- Achilles Tenotomy: After weeks of casting and manipulation, most infants will undergo a minor procedure called a tenotomy to release the tightness in the baby's heel cord or Achilles tendon. To protect the child's tendon as it heals, a new cast will be applied, which often takes up to three weeks. When the cast is removed, the child's Achilles tendon has already regrown to a proper length, fully correcting the clubfoot.
- Bracing: Although clubfeet can be successfully corrected with casting, there is still a chance for the deformity to naturally recur. To make sure that the baby's foot permanently stays in the proper position, a brace will be worn for a few years. Bracing will keep the baby's foot at a correct angle to maintain in proper position. For the first three months of the baby's life, the brace will be worn all the time. The doctor will eventually decrease the time to just nap time and overnight until the child reaches 3-4 years old.
This nonsurgical method involves mobilization, stretching, and taping. Also called as the physical therapy or functional method, the French method is usually directed by a physical therapist, who specializes in the promotion, restoration, and maintenance of optimal physical function.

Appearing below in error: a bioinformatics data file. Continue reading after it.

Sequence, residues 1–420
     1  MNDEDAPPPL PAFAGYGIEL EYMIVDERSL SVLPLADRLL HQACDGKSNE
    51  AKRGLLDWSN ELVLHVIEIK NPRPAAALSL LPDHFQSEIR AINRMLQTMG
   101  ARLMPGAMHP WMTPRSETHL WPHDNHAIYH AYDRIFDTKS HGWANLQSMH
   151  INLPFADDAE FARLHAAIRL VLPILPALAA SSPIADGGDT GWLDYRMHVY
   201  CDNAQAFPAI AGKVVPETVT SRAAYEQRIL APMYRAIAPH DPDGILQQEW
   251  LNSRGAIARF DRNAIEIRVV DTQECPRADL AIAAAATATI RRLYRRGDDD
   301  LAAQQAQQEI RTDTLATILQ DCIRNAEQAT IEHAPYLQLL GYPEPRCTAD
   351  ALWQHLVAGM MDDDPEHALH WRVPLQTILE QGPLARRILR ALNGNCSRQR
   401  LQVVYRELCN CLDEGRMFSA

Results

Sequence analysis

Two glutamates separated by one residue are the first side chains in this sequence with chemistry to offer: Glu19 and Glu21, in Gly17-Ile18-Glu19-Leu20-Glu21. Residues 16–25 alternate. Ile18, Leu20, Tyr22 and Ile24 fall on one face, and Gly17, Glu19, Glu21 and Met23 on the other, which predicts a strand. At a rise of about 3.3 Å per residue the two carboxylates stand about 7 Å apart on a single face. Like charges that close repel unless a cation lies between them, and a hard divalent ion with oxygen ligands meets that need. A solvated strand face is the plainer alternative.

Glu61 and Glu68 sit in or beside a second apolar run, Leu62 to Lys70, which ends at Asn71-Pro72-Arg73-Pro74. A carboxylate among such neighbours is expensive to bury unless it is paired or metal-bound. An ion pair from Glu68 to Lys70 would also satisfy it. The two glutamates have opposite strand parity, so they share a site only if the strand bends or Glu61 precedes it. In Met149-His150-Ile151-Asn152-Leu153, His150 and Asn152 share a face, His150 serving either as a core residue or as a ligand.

The same with the Ponseti method, this method also ideally begins soon after childbirth. In this method, the infant's foot is stretched and manipulated every day and then taped to keep the range of motion obtained by manipulation. A plastic splint is then placed over the tape to help maintain any improved range of motion. This type of treatment usually requires a visit to the physical therapist three times a week.
The child's parents will also be taught by the physical therapist on how to correctly perform this daily regimen at home. Significant improvements are usually observed after three months of therapy. However, this daily regimen must be continued until the child turns 2-3 years old to prevent the natural recurrence of clubfoot.
2. Surgical Treatment
Most nonsurgical methods are successful when it comes to treating clubfoot. However, in some cases, the deformity recurs or cannot be fully corrected because parents tend to have a hard time following the treatment program. In other cases, deformities are so severe, making stretching ineffective. In such cases, surgical treatment may be required to help adjust the joints, tendons, and ligaments in the child's foot and ankle.
An orthopedic surgeon can extend the length of tendons and help ease the child's foot into proper position. The child will be in a cast for approximately two months after surgery. The child then needs to wear a brace for 12 months or more to help prevent the recurrence of the clubfoot.
A child with clubfoot may not always obtain full correction even with treatment. However, most infants who are early treated tend to grow up wearing regular or conventional shoes and lead active normal lives.